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J Adolesc Health. 1993 Jul;14(5):373-9.

Patterns of contraceptive use and pregnancy among young Hispanic women on the Texas-Mexico border.

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  • 1Department of Pediatrics, School of Medicine, University of Texas Medical Branch, Galveston 77555-1307.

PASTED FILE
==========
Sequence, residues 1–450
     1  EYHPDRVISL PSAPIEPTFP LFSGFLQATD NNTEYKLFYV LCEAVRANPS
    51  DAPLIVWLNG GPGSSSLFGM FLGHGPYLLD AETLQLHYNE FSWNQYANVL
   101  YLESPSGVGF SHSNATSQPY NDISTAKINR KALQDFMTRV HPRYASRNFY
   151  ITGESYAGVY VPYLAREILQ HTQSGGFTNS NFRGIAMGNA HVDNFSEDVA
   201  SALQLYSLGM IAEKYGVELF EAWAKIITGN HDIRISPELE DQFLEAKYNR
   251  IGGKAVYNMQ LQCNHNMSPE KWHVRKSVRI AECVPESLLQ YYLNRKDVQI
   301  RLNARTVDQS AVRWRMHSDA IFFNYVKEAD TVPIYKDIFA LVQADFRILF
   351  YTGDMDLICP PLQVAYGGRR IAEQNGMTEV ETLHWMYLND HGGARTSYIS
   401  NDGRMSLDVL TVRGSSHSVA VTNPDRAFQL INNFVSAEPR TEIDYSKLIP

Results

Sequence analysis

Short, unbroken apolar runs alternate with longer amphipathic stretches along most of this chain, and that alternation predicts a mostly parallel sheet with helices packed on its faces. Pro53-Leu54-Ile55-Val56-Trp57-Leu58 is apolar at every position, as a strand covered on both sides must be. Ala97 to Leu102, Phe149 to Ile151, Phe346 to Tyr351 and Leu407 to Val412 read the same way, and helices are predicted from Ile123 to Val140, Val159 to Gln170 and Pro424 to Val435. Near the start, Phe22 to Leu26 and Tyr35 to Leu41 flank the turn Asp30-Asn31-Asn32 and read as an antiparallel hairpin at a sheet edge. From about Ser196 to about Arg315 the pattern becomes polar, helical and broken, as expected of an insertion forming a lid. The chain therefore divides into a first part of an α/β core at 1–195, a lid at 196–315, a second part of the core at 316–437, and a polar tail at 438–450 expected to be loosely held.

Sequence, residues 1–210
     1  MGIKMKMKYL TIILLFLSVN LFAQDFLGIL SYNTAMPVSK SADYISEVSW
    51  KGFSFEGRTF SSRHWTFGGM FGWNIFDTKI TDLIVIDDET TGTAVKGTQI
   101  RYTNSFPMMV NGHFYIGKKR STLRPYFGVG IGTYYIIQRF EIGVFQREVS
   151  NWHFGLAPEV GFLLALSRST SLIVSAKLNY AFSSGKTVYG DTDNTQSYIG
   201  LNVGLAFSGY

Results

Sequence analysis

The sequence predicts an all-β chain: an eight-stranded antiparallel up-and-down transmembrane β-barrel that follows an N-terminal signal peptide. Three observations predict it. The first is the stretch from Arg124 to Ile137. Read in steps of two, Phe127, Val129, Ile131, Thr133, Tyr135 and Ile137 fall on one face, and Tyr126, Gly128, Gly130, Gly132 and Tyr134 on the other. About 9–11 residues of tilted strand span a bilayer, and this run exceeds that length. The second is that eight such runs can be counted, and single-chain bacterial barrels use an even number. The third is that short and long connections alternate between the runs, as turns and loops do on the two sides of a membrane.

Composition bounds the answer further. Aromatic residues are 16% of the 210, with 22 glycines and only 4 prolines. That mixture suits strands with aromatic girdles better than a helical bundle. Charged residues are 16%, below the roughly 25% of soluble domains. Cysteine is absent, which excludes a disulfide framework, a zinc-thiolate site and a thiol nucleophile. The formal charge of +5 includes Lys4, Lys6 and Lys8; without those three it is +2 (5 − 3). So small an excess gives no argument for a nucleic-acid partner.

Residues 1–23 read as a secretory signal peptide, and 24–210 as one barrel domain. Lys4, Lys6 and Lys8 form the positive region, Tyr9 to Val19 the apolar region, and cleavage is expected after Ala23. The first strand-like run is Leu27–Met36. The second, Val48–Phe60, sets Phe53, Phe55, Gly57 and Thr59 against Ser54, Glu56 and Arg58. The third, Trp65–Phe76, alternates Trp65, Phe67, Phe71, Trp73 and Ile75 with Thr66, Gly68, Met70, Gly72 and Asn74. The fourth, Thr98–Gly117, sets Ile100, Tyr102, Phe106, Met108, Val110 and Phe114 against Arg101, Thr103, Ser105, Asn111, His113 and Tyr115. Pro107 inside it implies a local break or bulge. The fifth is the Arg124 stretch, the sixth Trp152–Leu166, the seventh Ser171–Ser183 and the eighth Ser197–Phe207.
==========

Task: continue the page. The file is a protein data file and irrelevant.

Our objective was to identify significant family planning and health access problems of young Hispanic women on the Texas-Mexico border. Samples of 300 young Hispanic women living in each of the twin cities of El Paso and Juarez were interviewed regarding their knowledge, attitudes, and experiences with respect to birth control, pregnancy, maternal and child health, and health-care services. Knowledge and attitudes of the women about birth control technology were assessed along with their beliefs regarding the use of such technology. Results showed that contraceptive knowledge and usage patterns for young Hispanic women in Juarez and El Paso were significantly different. They relied on different types of birth control methods and also differed with respect to confidence in these methods and related medical services. Both groups reflected positive attitudes toward both child bearing and use of birth control although Juarez women were significantly more favorable toward child bearing. Both groups overwhelmingly favored female doctors. The young women studied have accepted the need for birth control, prefer fewer children, and have some degree of confidence in medical services. Their knowledge and use of reliable versus unreliable birth control devices appear to be major areas requiring culturally sensitive intervention.

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